For policy-makers and other potential consumers of benefit-cost analysis research in crime prevention, it is important to have a basic understanding of both the possible range of crime costs and how they are derived. For broad planning purposes, the total societal costs across all areas impacted by crime are obviously the optimal choice when doing a benefit-cost analysis of program-related savings, because the economic benefits of averted crimes are relevant to all consumers of crime prevention. In other words, the ideal benefit-cost analysis examines taxpayer returns on investment, in terms of benefits for society as a whole. However, existing benefit-cost analyses often do not focus on all possible savings, due to lack of sufficient data on the costs of crime, or possibly because the analysis is only aimed at addressing narrow stakeholder interests. Because many benefit-cost analysis studies include only a subset of the possible crime costs, the uninformed user may be left with misleading impressions of the relative cost-efficiency of different crime prevention programs. Therefore, it is crucial that benefit-cost analyses in crime prevention list all of the included and omitted cost elements, in order to give readers an unbiased picture of the scope and parameters of the study.
Issue 3: How do we measure costs?
Besides the lack of standardization in how program and societal cost items are identified, there is also the challenge of how these costs are measured. Specifically, the question of whether to rely on local or national estimates is an important one and must be addressed (Farrell et al., 2004; Haapanen, Goodman, Cordon & O'Brien, 2009). In assessing a local crime prevention/reduction program, analysts have to bear in mind that costs/benefits may be locality-dependent due to demographic and social factors (e.g., population distribution, income levels, unemployment rates, economic activity), policy decisions (e.g., policing strategies, availability of health services) and other related considerations. In the United Kingdom (U.K.), for example, the costs of crime vary by boroughs in London, ranging from an estimated £215 per person in Richmond Upon Thames, to £620 in Westminster (Sinclair & Taylor, 2008). Although similar data do not currently exist for Canada, it is quite conceivable that the costs/benefits of crime prevention also differ by city (e.g., Iqaluit in comparison to Toronto). Given that crime costs may differ substantially between different settings, and that local and national projections of costs may be disparate, potential crime savings to be realized from crime aversion/reduction strategies may vary accordingly.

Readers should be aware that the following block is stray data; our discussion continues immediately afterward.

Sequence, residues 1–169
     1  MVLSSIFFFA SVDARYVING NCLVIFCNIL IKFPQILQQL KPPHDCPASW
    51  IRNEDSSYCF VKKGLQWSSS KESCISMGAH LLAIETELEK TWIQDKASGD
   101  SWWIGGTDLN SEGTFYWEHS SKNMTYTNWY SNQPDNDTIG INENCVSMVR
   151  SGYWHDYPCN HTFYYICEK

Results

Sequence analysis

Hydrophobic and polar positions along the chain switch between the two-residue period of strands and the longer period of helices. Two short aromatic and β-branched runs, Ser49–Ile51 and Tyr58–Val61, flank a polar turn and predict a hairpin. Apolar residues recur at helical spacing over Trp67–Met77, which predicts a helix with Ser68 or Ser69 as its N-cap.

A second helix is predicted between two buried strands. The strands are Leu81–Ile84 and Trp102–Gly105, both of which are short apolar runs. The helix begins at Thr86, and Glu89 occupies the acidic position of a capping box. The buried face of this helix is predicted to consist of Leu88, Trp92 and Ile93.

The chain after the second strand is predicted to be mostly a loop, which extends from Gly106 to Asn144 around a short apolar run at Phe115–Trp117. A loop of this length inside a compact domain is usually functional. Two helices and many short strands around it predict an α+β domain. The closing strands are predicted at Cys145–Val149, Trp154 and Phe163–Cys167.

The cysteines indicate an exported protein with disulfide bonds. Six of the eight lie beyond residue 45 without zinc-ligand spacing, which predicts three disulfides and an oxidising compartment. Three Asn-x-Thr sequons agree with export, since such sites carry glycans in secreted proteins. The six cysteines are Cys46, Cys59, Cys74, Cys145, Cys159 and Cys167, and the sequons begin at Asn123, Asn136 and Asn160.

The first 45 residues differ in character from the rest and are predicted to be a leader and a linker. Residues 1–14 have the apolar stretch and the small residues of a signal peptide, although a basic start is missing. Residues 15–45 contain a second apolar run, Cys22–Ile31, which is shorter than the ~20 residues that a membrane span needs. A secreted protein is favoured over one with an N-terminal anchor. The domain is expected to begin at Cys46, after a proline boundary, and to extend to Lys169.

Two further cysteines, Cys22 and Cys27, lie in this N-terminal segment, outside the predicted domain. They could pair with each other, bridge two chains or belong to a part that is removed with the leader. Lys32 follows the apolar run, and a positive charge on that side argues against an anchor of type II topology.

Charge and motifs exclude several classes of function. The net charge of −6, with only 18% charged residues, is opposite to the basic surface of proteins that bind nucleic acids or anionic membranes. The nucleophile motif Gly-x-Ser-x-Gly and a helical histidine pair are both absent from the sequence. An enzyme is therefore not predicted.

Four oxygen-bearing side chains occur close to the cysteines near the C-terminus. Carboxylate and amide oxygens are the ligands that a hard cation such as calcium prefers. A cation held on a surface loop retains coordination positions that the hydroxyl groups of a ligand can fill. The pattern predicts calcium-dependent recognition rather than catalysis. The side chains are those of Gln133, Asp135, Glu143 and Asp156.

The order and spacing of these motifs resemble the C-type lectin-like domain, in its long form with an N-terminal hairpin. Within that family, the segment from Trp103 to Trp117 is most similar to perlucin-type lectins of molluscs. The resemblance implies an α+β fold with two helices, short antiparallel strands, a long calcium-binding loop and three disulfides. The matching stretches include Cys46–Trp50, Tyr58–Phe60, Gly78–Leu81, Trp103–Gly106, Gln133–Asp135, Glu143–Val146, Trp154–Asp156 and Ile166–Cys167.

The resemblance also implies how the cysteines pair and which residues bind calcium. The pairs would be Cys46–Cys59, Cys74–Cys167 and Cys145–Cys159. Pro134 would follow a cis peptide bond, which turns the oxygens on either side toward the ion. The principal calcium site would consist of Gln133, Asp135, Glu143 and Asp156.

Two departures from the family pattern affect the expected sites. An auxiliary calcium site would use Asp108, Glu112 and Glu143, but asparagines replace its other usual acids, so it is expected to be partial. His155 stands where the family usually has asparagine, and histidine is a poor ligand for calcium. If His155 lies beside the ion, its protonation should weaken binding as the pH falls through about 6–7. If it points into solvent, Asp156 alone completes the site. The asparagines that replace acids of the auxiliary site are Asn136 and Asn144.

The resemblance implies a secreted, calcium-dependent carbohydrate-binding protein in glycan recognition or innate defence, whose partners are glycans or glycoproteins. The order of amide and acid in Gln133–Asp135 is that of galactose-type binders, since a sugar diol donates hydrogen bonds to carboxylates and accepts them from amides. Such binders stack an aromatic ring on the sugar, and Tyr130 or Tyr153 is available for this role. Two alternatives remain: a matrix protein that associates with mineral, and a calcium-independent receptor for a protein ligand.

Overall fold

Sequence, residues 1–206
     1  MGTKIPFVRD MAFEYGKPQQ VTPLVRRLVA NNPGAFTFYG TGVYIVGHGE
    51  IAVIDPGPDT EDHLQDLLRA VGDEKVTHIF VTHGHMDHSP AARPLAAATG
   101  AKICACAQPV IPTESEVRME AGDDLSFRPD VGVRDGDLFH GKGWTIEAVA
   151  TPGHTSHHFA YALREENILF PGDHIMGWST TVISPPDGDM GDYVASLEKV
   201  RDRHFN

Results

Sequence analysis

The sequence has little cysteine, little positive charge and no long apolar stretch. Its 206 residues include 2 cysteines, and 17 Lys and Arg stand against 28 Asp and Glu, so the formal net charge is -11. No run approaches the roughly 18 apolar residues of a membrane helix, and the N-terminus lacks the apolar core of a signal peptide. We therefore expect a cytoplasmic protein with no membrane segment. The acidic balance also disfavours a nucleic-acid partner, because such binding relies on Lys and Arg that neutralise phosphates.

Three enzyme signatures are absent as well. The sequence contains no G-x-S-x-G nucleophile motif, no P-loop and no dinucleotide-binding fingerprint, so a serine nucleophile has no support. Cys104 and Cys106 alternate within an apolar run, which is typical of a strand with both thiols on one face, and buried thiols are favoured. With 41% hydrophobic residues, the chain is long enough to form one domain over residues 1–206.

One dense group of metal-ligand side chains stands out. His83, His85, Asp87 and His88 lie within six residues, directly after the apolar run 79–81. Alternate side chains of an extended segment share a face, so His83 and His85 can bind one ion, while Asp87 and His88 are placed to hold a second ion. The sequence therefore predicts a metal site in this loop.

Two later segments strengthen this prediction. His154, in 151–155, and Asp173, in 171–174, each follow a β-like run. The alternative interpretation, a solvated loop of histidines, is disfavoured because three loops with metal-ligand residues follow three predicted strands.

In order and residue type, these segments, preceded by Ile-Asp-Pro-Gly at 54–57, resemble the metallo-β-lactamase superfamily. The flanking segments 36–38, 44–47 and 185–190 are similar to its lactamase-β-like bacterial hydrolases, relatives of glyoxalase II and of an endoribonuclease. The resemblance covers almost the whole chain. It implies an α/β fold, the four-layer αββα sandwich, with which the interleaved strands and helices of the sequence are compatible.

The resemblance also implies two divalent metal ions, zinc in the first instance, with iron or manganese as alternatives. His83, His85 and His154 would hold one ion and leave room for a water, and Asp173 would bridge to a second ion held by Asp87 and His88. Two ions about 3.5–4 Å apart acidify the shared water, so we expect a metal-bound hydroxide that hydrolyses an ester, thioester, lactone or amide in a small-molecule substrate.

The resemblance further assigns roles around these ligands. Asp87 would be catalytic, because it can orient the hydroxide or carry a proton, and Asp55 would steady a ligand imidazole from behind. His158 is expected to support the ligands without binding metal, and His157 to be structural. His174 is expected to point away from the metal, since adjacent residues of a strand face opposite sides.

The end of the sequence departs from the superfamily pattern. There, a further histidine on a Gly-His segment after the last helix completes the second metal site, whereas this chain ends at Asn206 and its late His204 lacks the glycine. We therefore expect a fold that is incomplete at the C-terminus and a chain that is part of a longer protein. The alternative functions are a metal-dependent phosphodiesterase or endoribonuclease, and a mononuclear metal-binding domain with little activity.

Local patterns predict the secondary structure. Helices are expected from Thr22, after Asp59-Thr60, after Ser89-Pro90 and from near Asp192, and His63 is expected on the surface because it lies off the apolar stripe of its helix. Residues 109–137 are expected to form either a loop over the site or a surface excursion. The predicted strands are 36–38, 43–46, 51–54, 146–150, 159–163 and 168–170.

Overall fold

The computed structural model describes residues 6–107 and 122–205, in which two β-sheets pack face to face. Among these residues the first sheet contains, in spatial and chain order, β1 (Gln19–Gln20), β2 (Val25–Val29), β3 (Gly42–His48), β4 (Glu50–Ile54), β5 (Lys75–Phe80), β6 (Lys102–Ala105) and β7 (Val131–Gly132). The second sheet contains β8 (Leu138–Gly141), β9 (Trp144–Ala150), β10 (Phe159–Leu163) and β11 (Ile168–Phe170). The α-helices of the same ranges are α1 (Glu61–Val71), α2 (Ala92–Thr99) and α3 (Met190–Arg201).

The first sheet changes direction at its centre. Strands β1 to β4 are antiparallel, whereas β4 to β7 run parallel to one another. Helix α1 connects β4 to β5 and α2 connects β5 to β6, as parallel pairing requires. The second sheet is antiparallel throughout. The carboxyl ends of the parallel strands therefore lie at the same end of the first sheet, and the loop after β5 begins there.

The distinction must also be made between average, marginal (incremental) and aggregate costs (Cohen, 2000; Welsh & Farrington, 2000). According to Aos et al. (2001), average costs are calculated by dividing total costs by total workload in a specific time frame. Conversely, “marginal costs describe how the total cost of an operation changes as the unit of activity changes by a small amount” (p. 48). In this context, incremental costs vary with the number of participants in a program, for example, the costs of food, medical care for an increasing prison population (Cohen, 2000)Footnote 21. To illustrate the difference between average and marginal costs, suppose that it costs $2.1 million annually for 10 youth in custody, but $2.365 million for 11 youth. In this example, the average cost per juvenile offender in custody is $215,000Footnote 22, but the marginal cost of the eleventh youth is $265,000. Lastly, aggregate costs of crime are those that have widespread and significant impact on communities. In other words, these are collective costs to society that are generally not affected by the actions of any one criminal, for example, fear of crime and private security expenditures, (Cohen, 1998, 2000).
Issue 4: Is there a need to "discount" the costs of crime?
Related to this issue of cost measurement is the notion of “discountingFootnote 23,” that is, reducing the stream of future costs related to a given crime incident to their present value. One fundamental economic concept in computing the costs of crime (and all other societal costs) is the notion of the “present value” of money (Cohen, 2005; Cohen & Bowles, 2010). In the crime context, this concept is based on the fact that the costs of any given crime are not fully realized the instant the crime is committed, but unfold far into the future. In some cases, an inordinate period of time may pass before the criminal justice process (e.g., arrest, trial) is concluded, assuming that the perpetrator is even caught. There may be delays in services and compensation for victims, and they may experience reduced productivity for many years, need ongoing counselling and so on. Simply put, the crime incidents for which costs are currently being estimated in a given study have already happened, but their effects will continue to ripple throughout society for many years to come. Therefore, one must consider the future values of each of these costs in terms of their present value when estimating the total financial impacts of crimes committed within a specific time period.